Page 12, 2nd December 1916
• HAVERSTOCK HILL: THE MAYOR OF HAMPSTEAD AT MASS.—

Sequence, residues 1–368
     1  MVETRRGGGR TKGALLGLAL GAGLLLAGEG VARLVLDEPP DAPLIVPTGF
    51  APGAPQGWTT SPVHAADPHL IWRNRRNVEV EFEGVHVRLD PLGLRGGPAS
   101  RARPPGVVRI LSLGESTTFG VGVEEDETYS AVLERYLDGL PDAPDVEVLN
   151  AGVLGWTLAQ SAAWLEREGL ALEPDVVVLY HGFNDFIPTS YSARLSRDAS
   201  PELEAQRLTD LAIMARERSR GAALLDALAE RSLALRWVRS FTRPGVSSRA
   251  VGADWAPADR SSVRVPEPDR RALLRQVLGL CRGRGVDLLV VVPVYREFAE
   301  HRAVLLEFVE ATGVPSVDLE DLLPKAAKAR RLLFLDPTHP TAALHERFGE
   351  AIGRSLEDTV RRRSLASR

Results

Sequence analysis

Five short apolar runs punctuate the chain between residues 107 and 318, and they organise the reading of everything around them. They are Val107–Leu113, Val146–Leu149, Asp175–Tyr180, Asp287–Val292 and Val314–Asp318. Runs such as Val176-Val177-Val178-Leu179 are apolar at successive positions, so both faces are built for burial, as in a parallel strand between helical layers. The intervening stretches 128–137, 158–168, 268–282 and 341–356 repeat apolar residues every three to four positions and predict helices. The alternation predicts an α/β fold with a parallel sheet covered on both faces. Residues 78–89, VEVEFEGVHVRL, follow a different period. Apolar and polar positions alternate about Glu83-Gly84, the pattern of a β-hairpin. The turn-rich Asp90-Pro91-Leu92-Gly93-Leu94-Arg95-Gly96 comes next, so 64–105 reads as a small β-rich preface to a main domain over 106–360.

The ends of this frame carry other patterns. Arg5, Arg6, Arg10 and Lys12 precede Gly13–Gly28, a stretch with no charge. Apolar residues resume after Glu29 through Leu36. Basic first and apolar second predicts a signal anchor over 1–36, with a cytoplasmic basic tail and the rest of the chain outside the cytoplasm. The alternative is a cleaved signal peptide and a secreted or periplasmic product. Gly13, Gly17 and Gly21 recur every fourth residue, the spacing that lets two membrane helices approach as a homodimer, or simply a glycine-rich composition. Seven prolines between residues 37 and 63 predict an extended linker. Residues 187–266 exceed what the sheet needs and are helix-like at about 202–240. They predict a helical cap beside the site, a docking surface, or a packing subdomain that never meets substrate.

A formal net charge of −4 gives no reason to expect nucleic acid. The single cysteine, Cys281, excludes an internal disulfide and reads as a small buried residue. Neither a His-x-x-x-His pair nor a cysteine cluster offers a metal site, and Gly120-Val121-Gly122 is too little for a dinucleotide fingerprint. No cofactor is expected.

Alderman E. A. O’Bryen, J.P., the Mayor of Hampstead, attended the Priory Church of St. Dominic, Haverstock Hill, on Sunday morning at the High Mass. The object with which he assisted in state at Mass was set forth in some eloquent words from the pulpit by Prior Robert Bracey, C.E. The Mayor was accompanied by the Mayoress and the following colleagues: Alderman Randall ; Councillors Munich, K.S.G., Snow and John, the Town Clerk; Mr. W. P. Johnson ; and some nine membersof the Borough Council. The Prior, who preached, said he always considered it a fortunate circumstance that their parish was within the metropolitan boroughs of Hampstead and St. Pancras, because that circumstance gave them a right to share in the interests and grand historical memories of two important districts of London. They welcomed the Mayor and Council of the Borough of Hampstead—it was a very great pleasure so to do, and they esteemed it a very great honour— because Hampstead was a place with a very glorious and interesting past, and when the Mayor came to church in their midst he (the preacher) thought he represented not only the citizens of Hampstead at the present time, but all who had dwelt there in past ages. He summed up and represented, in his own person, all those glorious and interesting personages of long ago. It was a great pleasure to them to welcome any representative of public authority, because loyalty was a principle of the Catholic religion inculcated by their Faith, and not a matter of whim or sentiment. This loyalty went out in the first place to the national authorities—to the king—but it was also paid in its measure to the municipal authorities, represented by the mayor, in the place where Catholics dwelt. Again, this loyalty was willingly paid to those authorities, whatever their private character might be ; but it was much more willingly paid where rulers were men of integrity, leading an upright life. The homage they rendered to the Mayor of Hampstead was accentuated, because the knew him to be a man of upright life and forward in every good work, in which he was admirably assisted by the Mayoress. The Prior then went on to show that though, in these days, a Mayor assisting in state at Mass was something of a novelty, Alderman O’Bryen was but doing what the celebrated Sir Richard Whittington did of generations of lord mayors did both before and after him.. Then setting forth the sublime mysteries of the Mass, the preacher referred to the intentions they all had in mind at this time of national crisis—an honourable victory and the triumph of truth and justice, aid for those bravely fighting in this great struggle, and eternal repose for tho e who had already fallen. A special collection was made at the Mass for providing Christmas comforts for wounded soldiers and sailors in the Borough of Hampstead, a scheme which the Mayor has much at heart.